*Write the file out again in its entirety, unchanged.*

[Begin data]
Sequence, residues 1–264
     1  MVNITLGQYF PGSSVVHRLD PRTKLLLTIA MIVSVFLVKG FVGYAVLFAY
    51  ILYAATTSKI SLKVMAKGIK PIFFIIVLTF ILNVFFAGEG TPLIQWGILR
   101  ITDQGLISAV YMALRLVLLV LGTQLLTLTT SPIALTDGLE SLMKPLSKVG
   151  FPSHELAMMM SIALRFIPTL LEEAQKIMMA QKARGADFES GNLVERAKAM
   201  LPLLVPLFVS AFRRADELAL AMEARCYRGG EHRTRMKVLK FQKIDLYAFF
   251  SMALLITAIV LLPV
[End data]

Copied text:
Sequence, residues 1–264
     1  MVNITLGQYF PGSSVVHRLD PRTKLLLTIA MIVSVFLVKG FVGYAVLFAY
    51  ILYAATTSKI SLKVMAKGIK PIFFIIVLTF ILNVFFAGEG TPLIQWGILR
   101  ITDQGLISAV YMALRLVLLV LGTQLLTLTT SPIALTDGLE SLMKPLSKVG
   151  FPSHELAMMM SIALRFIPTL LEEAQKIMMA QKARGADFES GNLVERAKAM
   201  LPLLVPLFVS AFRRADELAL AMEARCYRGG EHRTRMKVLK FQKIDLYAFF
   251  SMALLITAIV LLPV